Rie Nakajima in Florence

Last night at Le Murate I witnessed what might be the first breath of contemporary things to come in Florence. The performance by Rie Nakajima inaugurates the use of the space that is to become the SUC, a contemporary art space in the ex-jail that is Le Murate.

It was raining cats and dogs, which is why no more than 40 people showed up to an event that ought to be of international proportions. (For anyone arriving from Piazza San Marco, the #31 bus stops rather nearby, though I admit I got soaked anyway.) After a glass of free wine or water as part of the final night of Aperto alle Murate, we moved into the adjacent room for the performance.

Japanese artist Rie Nakajima is, as many of her culture are, slight and shy, and incredibly modest for someone who… performs. The room had been set up with desk lamps and chairs, and I wondered how this arrangement would be made to look beautiful. No costume, no effects… just the artist (in jeans and a dark top), a silent crowd…

And then she started to add objects to the space, objects that made funny little noises. White static from a radio, nails on a string occasionally disturbed by an arm attached to a motor, a music box, tin foil. Did she time how long she waited before each addition, subtraction, adjustment? The beauty in the room came when I closed my eyes, just briefly because I didn’t want to miss anything; a discrete sound, but constant… until Nakajima removed just one element, and I realized how much noise it really made. You get a sense of this in the video I shot:

Much contemporary art is shocking; this is the complete opposite. It is discreet, intimate, surprising.

Speaking with the artist before the performance, I asked her about her stay in Florence and she said that her accommodation near the Duomo was a bit noisy. What must life be like to be so attuned to single sounds and rhythms?

Things to come?

Is the forthcoming SUC at Le Murate the answer to my hopes and dreams?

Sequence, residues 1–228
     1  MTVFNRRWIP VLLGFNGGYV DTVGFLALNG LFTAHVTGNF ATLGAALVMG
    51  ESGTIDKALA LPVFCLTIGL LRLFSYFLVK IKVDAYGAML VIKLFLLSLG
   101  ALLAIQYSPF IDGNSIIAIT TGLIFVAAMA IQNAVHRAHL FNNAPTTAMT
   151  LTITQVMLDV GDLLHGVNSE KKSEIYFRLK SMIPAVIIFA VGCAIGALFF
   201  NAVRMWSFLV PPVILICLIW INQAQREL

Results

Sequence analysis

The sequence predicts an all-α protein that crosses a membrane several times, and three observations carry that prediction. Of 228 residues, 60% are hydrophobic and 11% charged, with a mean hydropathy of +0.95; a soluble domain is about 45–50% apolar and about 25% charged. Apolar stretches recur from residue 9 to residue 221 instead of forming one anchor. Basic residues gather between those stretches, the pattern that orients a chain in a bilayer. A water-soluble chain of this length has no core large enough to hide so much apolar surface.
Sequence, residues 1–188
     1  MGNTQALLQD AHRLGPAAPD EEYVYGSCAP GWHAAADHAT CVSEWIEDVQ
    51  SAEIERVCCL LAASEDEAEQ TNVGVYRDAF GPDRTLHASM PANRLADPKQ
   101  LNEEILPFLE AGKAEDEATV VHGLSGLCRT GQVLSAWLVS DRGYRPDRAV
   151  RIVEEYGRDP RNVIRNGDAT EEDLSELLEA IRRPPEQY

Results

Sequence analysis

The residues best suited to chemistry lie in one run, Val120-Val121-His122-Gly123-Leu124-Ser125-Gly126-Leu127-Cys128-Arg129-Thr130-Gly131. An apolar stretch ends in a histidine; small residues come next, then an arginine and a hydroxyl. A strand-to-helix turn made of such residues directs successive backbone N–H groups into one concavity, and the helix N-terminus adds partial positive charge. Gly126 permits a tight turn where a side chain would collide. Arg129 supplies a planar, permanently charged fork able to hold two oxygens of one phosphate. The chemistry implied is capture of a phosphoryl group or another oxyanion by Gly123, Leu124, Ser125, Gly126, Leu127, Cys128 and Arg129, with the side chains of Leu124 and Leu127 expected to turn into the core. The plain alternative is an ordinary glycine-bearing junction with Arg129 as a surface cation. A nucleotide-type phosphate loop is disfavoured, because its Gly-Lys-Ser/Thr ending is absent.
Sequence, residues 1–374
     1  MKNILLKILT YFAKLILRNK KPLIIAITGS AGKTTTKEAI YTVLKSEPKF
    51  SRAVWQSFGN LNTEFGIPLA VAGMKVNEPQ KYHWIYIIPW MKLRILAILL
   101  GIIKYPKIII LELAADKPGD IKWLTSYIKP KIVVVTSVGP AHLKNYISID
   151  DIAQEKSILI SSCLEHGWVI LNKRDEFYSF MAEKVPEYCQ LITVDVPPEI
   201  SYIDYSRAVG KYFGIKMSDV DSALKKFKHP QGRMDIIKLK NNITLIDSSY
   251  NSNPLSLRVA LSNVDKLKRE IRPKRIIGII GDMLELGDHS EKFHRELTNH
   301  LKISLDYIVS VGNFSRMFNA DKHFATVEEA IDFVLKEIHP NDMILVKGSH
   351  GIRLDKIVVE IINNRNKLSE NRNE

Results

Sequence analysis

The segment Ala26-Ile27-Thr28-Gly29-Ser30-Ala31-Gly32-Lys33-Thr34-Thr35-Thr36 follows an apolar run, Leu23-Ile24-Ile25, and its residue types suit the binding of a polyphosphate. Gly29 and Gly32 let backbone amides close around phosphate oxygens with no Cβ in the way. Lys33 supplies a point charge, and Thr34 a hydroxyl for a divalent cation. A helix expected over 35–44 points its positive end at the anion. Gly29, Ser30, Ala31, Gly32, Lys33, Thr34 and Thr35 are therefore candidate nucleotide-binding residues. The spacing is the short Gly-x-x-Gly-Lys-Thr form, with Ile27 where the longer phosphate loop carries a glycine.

I’m not an expert in contemporary art. Up to a few years ago I can say that I didn’t much like it. But I do understand the need to promote it in order to make a city live and breathe a cultural atmosphere. While we anxiously await news of what will happen next at Le Murate (and I’ll let you know as soon as I hear), I’ve been reflecting on what has changed in the world of contemporary art in Florence in the past year, and what we have in store for us this Fall.

Truth be told, I haven’t noticed a miraculous appearance of great contemporary visual artists in the city since the start of the reign of Renzi. But we have to remember that Rome wasn’t built in a day. I asked Giuliano da Empoli, culture superintendant, what Berlin has that we don’t (there’s more contemporary art in Berlin in a square meter than Italy has in a country) and he mentioned the lower rent. In fact, one of the most concentrated gallery areas in Berlin is full of ex-warehouses; I’ve seen a similar industrial area transform into artists’ studios, lofts, and galleries in my hometown of Toronto. Florence leaves little room for expansion, though the mayor’s latest plans for the city involve recuperating 100 spaces, hopefully in part for the arts. And Le Murate is one of them. I also don’t see why art centers can’t be opened in areas like Isolotto or Sesto Fiorentino, where rent is lower, although I think it’s harder to draw anything but a local crowd to these areas (something I’ve noticed at the Ex3).

Simon Roberts (c) Ex3

New spaces also grow; I’ve written both here and on Tuscany Arts about Ex3 in Gavinana and the Strozzina. This Fall I’m looking forward to the solo show by Simon Roberts, a 36-year-old English artist whose photographs “Motherland/Homeland” explore his (and our) relationship to countries, territories – a theme I’m seeing frequently in photography these days, but it’s good enough to go around (opening October 9th 2010 at Ex3). Last season the Strozzina brought in some remarkable young international artists at ASAP; opening October 1st, Portraits of Power promises to combine works from artists of different generations for a good exploration of the theme. In the courtyard of the Strozzi we’ll all get to stop in to admire an installation by the ubiquitous Michelangelo Pistoletto who also has a solo exhibit coming up in San Gimignano at the Galleria Continua (worth a day trip!).

Maybe the first step towards this growth is the infusion of good examples from abroad – like Rie Nakajima – and from the rest of Italy – like Pistoletto. They don’t have to be home grown Florentines, that will come in time. Now only if there were more places in which to put them. To make a mark, these artists need to have a longer presence in the city, a show of international appeal that is on for 2-3 months at least. (Performance is an exception – but Rie is staying in Florence for a month!) Florence, don’t rest on your laurels. Italians are willing to drive to Rovereto for a dose of contemporary art. Let’s bring it home.

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